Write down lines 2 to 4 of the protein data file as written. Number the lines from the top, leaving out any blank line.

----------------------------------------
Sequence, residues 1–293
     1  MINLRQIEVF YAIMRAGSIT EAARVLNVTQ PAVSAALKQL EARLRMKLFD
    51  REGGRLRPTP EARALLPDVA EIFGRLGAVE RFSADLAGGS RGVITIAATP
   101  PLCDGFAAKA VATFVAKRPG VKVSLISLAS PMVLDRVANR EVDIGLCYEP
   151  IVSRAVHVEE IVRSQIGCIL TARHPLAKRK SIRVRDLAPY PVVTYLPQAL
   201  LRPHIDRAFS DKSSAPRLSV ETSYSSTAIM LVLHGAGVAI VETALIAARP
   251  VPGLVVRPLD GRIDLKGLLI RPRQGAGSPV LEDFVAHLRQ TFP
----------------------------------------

     1  MINLRQIEVF YAIMRAGSIT EAARVLNVTQ PAVSAALKQL EARLRMKLFD
    51  REGGRLRPTP EARALLPDVA EIFGRLGAVE RFSADLAGGS RGVITIAATP
   101  PLCDGFAAKA VATFVAKRPG VKVSLISLAS PMVLDRVANR EVDIGLCYEP